In 1991, I met writers Michael Miner and John Conroy after they gave a presentation on independent journalism at an adult-education seminar.
In those pre-Internet days, The Reader was the thick, independent weekly everyone picked up on Thursday afternoon, so they could plan their weekend. Miner wrote its popular “Hot Type” media column, and Conroy was an investigative staff writer and author of the 1987 book Belfast Diary: War As A Way Of Life. His 1990 Reader cover story, “House Of Screams,” broke the John Burge, Area 2 police-torture scandal.
And I was a filmmaker and waitress, trying to decide which journalism grad school’s offer I should accept: Northwestern or Columbia College. Miner said I’d probably get a better job down the line if I went to North-western’s Medill School Of Journalism.
So I went to Medill – where one of my classmates was Mo Ryan, editor/publisher of the fan-zine Steve Albini Thinks We Suck. Ryan is now the TV writer for the Chicago Tribune.
But I lasted only a week; I knew I couldn’t stay when one of the professors asked if any of us thought we’d never be an editor, and I was the only one who raised their hand. That same professor also predicted newspapers were on their way out and showed us a study that proved it.
I earned a master’s degree in public affairs reporting at Columbia College, where we spent an afternoon at the now-defunct City News Bureau, the cooperative news agency that provided news to member media outlets. That day, Managing Editor Paul Zimbrakos told us there were more students in journalism school than working journalists, and to get out now. I didn’t listen (in fact, I did an independent study with Chicago Sun-Times media critic Robert Feder, who helped me land this column in 1994).
I went on to write for local newspapers and magazines, and did the Reader‘s “Days Of The Week” column for eight years.
I saw Conroy and Miner chatting between sessions at February’s Chicago Journalism Town Hall at the Hotel Allegro Chicago. Eighteen years later, it felt like journalism was indeed dying – especially when event architect and former WBEZ Program Director Ken Davis kicked off the event with “My name is Ken Davis, and I’m a recovering journalist.”
His panel included Miner, who still does “Hot Type.” But the Reader was purchased in 2007 by Creative Loafing, which shrunk the paper into a thin tabloid, fired a large chunk of the staff, and filed for Chapter 11 bankruptcy protection last year.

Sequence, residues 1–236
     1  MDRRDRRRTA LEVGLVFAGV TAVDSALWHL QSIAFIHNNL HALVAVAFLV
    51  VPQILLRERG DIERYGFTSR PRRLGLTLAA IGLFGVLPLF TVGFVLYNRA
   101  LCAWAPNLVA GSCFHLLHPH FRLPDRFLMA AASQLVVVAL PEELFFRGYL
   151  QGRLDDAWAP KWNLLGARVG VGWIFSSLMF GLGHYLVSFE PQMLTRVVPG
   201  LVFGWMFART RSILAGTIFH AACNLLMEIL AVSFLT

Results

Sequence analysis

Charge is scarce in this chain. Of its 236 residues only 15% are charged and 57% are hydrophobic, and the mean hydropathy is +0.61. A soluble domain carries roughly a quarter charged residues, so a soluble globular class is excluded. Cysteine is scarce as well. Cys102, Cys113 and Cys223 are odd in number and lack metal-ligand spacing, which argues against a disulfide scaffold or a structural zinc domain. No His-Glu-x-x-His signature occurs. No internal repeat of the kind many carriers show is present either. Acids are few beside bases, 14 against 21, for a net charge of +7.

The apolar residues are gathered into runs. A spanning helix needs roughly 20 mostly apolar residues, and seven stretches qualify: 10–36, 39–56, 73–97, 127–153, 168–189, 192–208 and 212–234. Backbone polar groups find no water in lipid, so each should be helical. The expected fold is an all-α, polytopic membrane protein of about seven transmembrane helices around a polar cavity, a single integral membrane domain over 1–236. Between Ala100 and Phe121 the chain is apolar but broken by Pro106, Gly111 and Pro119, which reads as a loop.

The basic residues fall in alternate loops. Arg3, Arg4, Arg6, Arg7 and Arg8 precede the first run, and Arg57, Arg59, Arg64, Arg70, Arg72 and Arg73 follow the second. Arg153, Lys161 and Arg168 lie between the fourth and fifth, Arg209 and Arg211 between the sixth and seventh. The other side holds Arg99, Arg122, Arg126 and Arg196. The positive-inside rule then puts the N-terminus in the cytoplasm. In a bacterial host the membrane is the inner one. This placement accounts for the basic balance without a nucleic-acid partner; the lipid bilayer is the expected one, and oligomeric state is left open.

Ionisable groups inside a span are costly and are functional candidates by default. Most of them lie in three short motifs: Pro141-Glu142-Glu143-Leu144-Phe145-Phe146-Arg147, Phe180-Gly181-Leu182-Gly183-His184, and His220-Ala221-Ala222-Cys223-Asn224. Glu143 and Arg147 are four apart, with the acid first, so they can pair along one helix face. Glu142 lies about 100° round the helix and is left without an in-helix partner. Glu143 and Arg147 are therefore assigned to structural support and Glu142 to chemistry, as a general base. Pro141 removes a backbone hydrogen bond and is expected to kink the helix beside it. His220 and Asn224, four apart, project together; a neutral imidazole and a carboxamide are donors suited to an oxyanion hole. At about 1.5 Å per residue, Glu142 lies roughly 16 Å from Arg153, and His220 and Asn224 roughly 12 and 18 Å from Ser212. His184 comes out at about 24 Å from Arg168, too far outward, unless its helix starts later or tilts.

The firings included Conroy, who continued to pursue Chicago police torture and wrote the 2000 book Unspeakable Acts, Ordinary People: The Dynamics Of Torture. He has won countless awards, including a Mac-Arthur grant, and his articles were cited in Illinois Supreme Court cases that helped free four death-row inmates.
But he was let go by the Reader in 2007 – shortly after it published his final police torture article. One day later, the City Of Chicago agreed to a $20 million settlement with four former death-row inmates who claimed Burge and his men tortured them. It is doubtful that would have happened without Conroy’s heroic work. Now, he appears occasionally on WBEZ-FM (91.5).
I lost the Reader gig in 2004, amid a redesign sparked by the local launch of Time Out magazine. Now, I write part time and teach yoga full time.
I was in good company at the Town Hall, where the audience was full of current and former journalists – as was the panel, which ranged from Chi-Town Daily News founder Geoff Dougherty to former Sun-Times reporter Lee Bey.
The subject was the future of journalism, which has been shedding reporters like bad mortgages. John Callaway said newspapers as we knew them are dead, and it was suggested publications such as the Huffington Post that use and comment on content from traditional print media should pay for its use. Panelist Carol Marin called it “content without compensation.”
Huffington Post‘s Chicago Editor, Ben Goldberger, said his stories drive “tons” of readers to the papers’ Web sites and pointed to the staggering number of comments the stories generate. “It’s not just news,” he said. “It’s a dialog.”
Callaway suggested a foundation be created that pays journalists to report the news, at least until a new model is found. “It is about creating an environment where journalism could flourish,” said panelist Feder. This model would require editors and infrastructure as well as beat and investigative reporters – which would be expensive.
Andrew Huff pointed out Gapers Block, which uses volunteer writers, costs him just $100 per month for the server. Dougherty also runs his nonprofit Web site on a shoestring.
Audience member and former broadcast journalist Carolyn Grisko suggested readers make micro-payments to read articles, or that newspapers adopt the cable-TV subscription model.
But the best moment came when the Tribune‘s Eric Zorn noted that someone in the room had been unfavorably live-Tweeting the proceedings, and asked him to speak up. It was Angryjournalist.com founder Kiyoshi Martinez, who said newspapers must reinvent how they advertise. Instead of burying tiny ads on a busy Web page, they should copy Gawker.com, whose ads are large, singular and hard to miss – not to mention profitable.
– Cara Jepsen